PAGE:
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By Morey Stettner, MarketWatch featuring Craig Eissler, CFP®, CIMA®, AIF®, Wealth Advisor

With steeper tax rates expected in coming decades, traditional advice deserves another look

Some money management truths are self-evident: Always set aside enough cash for emergencies. Diversify your portfolio. And maximize your contributions to tax-advantaged accounts such as a 401(k) or IRA.

That last one is open to debate. Even if you like the idea of cutting this year’s tax bill by funding your 401(k), you will eventually owe the federal government some money — and probably more than you expect.

“There’s a general consensus that tax rates will not be going down in the future,” said Craig Eissler, a Houston-based certified financial planner. Nevertheless, he urges clients in a high tax-bracket to reduce their current taxable income by maximizing tax-deferred contributions. “Then in retirement, you can pull out money from different buckets, like a taxable brokerage account or trust, not just from your tax-advantaged account,” he said.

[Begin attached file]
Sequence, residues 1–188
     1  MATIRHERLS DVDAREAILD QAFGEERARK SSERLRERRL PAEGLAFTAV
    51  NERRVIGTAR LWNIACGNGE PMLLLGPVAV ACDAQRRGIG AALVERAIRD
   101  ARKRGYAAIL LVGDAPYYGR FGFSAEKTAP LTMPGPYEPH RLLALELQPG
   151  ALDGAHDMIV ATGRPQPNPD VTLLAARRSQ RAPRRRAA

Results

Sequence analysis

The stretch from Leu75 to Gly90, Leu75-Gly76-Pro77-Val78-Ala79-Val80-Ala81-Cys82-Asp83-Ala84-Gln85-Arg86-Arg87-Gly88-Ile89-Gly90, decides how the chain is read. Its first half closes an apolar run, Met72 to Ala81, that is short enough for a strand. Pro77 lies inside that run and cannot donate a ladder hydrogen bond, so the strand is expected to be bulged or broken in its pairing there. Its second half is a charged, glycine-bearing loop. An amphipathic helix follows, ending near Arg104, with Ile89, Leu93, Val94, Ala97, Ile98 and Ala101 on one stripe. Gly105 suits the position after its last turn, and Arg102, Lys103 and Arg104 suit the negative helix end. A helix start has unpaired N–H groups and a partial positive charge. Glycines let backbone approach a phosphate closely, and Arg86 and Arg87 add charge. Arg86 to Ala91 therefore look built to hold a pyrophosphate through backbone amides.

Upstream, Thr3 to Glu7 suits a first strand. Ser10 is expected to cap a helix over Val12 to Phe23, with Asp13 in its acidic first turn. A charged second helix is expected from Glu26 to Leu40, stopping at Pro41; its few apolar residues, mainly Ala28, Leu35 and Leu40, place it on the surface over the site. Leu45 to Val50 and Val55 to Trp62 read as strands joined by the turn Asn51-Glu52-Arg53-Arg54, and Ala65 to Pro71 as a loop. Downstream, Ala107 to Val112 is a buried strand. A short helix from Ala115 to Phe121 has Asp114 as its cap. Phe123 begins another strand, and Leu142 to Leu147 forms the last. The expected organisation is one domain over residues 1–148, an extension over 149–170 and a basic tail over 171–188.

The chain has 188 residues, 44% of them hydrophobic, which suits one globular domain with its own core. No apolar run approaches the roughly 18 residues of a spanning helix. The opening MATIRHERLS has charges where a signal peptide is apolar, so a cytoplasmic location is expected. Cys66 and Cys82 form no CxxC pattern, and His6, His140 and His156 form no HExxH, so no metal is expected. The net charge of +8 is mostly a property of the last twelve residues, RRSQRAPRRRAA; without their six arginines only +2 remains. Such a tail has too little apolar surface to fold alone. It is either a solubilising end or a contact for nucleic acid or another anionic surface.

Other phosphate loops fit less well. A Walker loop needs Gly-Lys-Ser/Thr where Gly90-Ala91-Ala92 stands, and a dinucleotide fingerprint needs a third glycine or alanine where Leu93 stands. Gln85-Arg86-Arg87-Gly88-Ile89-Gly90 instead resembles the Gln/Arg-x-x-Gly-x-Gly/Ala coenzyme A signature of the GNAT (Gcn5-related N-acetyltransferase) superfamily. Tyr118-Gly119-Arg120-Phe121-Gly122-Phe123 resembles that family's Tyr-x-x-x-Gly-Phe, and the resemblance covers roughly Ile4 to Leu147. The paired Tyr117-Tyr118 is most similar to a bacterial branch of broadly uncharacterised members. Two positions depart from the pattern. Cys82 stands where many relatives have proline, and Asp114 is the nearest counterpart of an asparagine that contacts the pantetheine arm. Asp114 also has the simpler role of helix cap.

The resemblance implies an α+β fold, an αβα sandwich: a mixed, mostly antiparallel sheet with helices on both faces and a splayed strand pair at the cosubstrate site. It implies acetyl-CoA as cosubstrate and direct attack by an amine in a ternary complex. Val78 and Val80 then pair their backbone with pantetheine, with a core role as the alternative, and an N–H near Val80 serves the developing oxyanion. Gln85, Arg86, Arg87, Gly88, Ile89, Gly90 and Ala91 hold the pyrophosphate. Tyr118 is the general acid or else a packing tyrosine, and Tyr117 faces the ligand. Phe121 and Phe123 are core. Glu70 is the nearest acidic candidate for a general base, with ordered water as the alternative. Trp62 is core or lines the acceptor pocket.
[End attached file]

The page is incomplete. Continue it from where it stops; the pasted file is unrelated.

Experts warn that tax rates will need to increase at some point to plug the federal budget deficit and fund Medicare and Social Security. Pre-retirees who diligently max out on their 401(k) contributions every year will probably face higher ordinary income tax rates in the future.

The likelihood of steeper tax rates in the coming decades might lead you to rethink traditional advice to stash every dollar you can into tax-deferred vehicles. While it’s a great deal if your employer matches your contributions, there are some situations where it’s actually prudent not to max out your 401(k).

For example, some pre-retirees can come out ahead by buying more equities in their taxable brokerage account rather than maximizing their annual 401(k) and IRA contributions. Many variables come into play, such as their current tax bracket and investment savvy.

“For clients in their late 40s and 50s, we sometimes limit the amount they put into their 401(k),” said JR Gondeck, an adviser in Boca Raton, Fla. “Instead, we shift some of that money into a [stock] index fund within a taxable brokerage account. A lot of people are surprised when we do that. It’s counterintuitive.”

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